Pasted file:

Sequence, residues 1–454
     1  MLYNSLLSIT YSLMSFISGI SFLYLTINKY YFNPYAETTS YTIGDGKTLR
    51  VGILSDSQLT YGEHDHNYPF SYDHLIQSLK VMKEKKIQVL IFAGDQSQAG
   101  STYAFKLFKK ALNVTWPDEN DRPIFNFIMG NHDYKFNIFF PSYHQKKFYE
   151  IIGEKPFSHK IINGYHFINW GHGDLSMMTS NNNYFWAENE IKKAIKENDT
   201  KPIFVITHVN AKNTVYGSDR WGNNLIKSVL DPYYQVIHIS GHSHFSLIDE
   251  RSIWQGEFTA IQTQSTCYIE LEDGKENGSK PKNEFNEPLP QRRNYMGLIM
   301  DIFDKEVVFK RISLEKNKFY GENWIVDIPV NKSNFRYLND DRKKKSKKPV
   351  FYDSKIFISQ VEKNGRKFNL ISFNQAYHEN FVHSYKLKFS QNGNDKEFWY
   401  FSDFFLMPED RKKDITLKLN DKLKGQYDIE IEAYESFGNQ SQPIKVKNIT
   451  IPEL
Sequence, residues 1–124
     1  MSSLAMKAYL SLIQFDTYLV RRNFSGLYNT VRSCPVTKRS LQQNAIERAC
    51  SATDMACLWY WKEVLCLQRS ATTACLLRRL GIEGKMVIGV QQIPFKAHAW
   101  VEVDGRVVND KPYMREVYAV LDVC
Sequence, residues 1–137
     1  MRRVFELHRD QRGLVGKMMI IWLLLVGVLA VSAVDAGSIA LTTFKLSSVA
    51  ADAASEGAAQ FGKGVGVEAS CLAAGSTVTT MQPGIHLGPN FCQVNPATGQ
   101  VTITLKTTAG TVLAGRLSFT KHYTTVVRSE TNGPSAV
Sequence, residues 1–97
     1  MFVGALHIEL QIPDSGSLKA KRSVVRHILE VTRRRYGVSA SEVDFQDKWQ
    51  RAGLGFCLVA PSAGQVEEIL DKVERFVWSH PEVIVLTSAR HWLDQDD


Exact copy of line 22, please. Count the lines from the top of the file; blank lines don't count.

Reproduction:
    51  RAGLGFCLVA PSAGQVEEIL DKVERFVWSH PEVIVLTSAR HWLDQDD